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Abbotsford House

Abbotsford House

Abbotsford House was the home of the famous Scottish poet and novelist, Sir Walter Scott (born 1771 – died 1832) and it could be the place that he haunts. The house was created by Scott who bought a 100 ace farm (Cartleyhole) in 1811 and started to build onto it. He finished Abbotsford in 1824. Read More »

Cauldshiels Loch

This stretch of water in the Scottish Borders has a ‘Water Bull’ Tarbh Uisge legend attached to it. Read More »

Clifton Park, Linton

The following account of a strange experience is taken from 'The Haunted Homes and Family Traditions of Great Britain' by John Ingram (1897), though it was originally printed in 'Signs Before Death: And Authenticated Apparitions' by Horace Welby (1825). Read More »

Dryburgh Abbey House Hotel

The Premonstratensian Dryburgh Abbey was founded in 1150 by Hugh de Morville, Lord of Lauderdale. Now a ruin it rests within the grounds of the baronial Dryburgh Abbey Hose Hotel. The hotel itself is said to have been built on the location of an earlier house from which the haunting may have originated. Read More »

Eildon Hill

Eildon Hill

Eildon Hill is a triple peak that dominates the landscape around Melrose in Southern Scotland. The hillfort was occupied in pre-historic times, was used as a signal station by the Romans, and was re-occupied during the Romano-British period. It is associated with the legendary wizard Michael Scot, and the ballad of Thomas the Rhymer. Read More »

Hermitage Castle

Hermitage Castle 2

Hermitage Castle has a long and colourful history, the castle was a bastion of power in the 'debatable land': land that was exchanged between English and Scottish hands during the border wars and skirmishes. The castle is steeped in folklore and legend, and there have been reports of varied strange phenomena in recent years. Read More »

Jedburgh Ba' Game

2nd February - The annual street ball game in Jedburgh, it said to have originally been played with the severed heads of border raiders.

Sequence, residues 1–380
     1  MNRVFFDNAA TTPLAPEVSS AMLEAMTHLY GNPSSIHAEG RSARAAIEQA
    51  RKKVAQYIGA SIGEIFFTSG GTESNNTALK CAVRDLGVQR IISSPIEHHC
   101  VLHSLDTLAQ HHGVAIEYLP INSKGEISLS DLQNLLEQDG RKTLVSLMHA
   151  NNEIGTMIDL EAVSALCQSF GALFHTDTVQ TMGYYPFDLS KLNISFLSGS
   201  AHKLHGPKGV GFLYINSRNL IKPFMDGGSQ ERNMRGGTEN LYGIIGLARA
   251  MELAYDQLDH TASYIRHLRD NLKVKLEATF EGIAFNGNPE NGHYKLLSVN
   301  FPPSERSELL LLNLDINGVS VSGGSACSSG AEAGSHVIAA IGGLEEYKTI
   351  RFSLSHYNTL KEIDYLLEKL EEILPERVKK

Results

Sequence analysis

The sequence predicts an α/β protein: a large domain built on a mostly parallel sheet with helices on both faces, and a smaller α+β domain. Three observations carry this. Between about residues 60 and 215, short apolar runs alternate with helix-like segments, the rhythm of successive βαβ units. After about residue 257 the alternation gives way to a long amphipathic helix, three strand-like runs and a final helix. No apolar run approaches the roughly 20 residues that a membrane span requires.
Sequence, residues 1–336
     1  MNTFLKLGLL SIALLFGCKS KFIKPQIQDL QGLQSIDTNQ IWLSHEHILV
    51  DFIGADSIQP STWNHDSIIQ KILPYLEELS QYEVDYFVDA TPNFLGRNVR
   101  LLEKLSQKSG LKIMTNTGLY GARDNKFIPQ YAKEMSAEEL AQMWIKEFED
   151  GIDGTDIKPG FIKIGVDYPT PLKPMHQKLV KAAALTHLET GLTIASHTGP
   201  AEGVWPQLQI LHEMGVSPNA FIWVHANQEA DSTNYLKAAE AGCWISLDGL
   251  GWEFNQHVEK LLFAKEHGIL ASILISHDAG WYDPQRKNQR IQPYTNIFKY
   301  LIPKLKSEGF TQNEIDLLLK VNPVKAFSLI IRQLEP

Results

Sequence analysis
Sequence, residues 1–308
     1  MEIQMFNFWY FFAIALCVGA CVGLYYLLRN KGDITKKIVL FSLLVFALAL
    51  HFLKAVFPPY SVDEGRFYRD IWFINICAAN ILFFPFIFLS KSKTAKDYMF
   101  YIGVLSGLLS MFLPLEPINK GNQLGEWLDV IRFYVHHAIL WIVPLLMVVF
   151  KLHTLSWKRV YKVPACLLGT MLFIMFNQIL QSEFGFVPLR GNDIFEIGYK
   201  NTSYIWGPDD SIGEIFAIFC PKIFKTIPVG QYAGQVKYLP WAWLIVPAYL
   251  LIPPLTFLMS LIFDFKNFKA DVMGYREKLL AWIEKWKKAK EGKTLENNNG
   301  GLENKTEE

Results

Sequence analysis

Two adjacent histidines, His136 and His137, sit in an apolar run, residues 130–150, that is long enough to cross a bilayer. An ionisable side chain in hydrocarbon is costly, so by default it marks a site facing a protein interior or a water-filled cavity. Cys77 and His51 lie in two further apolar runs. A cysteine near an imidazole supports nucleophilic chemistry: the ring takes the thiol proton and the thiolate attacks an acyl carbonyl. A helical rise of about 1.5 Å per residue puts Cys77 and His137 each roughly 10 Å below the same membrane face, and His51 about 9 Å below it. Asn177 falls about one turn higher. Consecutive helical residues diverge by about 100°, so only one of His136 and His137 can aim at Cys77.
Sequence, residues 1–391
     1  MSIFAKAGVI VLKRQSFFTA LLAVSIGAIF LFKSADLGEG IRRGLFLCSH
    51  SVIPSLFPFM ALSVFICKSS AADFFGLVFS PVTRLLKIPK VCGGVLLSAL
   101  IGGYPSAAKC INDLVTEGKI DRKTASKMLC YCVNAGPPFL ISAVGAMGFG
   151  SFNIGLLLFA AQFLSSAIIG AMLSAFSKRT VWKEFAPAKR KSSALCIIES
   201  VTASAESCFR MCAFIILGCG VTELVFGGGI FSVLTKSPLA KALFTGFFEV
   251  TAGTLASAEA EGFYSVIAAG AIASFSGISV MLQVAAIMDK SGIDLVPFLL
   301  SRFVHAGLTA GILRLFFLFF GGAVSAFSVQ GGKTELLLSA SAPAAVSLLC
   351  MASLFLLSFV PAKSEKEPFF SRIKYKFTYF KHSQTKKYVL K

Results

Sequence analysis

Jedburgh Castle

Jedburgh’s original wooden motte and bailey castle dated back to the 12th century and was founded by King David I of Scotland (Born 1084 – Died 24 May 1153). The Scottish demolished the castle in 1409, which by then was a stone fortress with a pele tower, gatehouse and courtyard. In 1823 a Howard Reform prison was built on the site of the castle which was then closed in 1868. Read More »

The Linton Worm

During the twelfth century a worm lived in a hollow on the Northeast side of Linton Hill (called Worms Den today). Read More »

Melrose Abbey

Melrose Abbey

In 1136 the Cistercian Melrose Abbey was founded following a request from King David I (Scotland) (Born 1084 – Died 24 May 1153) and took ten years to build, though it was added to and extended over the following decades. Being in the border region the Abbey was unfortunately damaged several times during conflicts between the English and the Scottish. Read More »

The Bogle

THIS is a freakish spirit, who delights rather to perplex and frighten mankind than either to serve or seriously to hurt them. Shellycoat, a spirit who resides in the waters, and has given his name to many a rock and stone the Scottish coast, belongs to the class of bogles. Read More »

The Gloaming Bucht

"SPEAKIN' o' fairies," quoth Robbie Oliver (an old shepherd, who lived at Southdean in Jedwater, and died about 1830), "I can tell ye about the vera last fairy that was seen hereaway. When my faither, Peter Oliver, was a young man, he lived at Hyndlee, an' herdit the Brocklaw. Read More »



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